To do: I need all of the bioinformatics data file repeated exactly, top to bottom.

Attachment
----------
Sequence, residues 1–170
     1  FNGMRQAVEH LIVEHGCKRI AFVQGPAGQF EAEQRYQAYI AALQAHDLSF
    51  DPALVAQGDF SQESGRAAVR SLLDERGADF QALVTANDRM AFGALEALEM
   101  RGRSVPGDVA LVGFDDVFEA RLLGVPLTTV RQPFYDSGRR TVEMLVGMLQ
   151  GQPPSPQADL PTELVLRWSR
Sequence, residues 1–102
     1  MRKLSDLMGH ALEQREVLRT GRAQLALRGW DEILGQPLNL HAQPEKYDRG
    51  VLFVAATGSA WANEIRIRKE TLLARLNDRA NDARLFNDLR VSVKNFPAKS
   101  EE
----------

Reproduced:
Sequence, residues 1–170
     1  FNGMRQAVEH LIVEHGCKRI AFVQGPAGQF EAEQRYQAYI AALQAHDLSF
    51  DPALVAQGDF SQESGRAAVR SLLDERGADF QALVTANDRM AFGALEALEM
   101  RGRSVPGDVA LVGFDDVFEA RLLGVPLTTV RQPFYDSGRR TVEMLVGMLQ
   151  GQPPSPQADL PTELVLRWSR
Sequence, residues 1–102
     1  MRKLSDLMGH ALEQREVLRT GRAQLALRGW DEILGQPLNL HAQPEKYDRG
    51  VLFVAATGSA WANEIRIRKE TLLARLNDRA NDARLFNDLR VSVKNFPAKS
   101  EE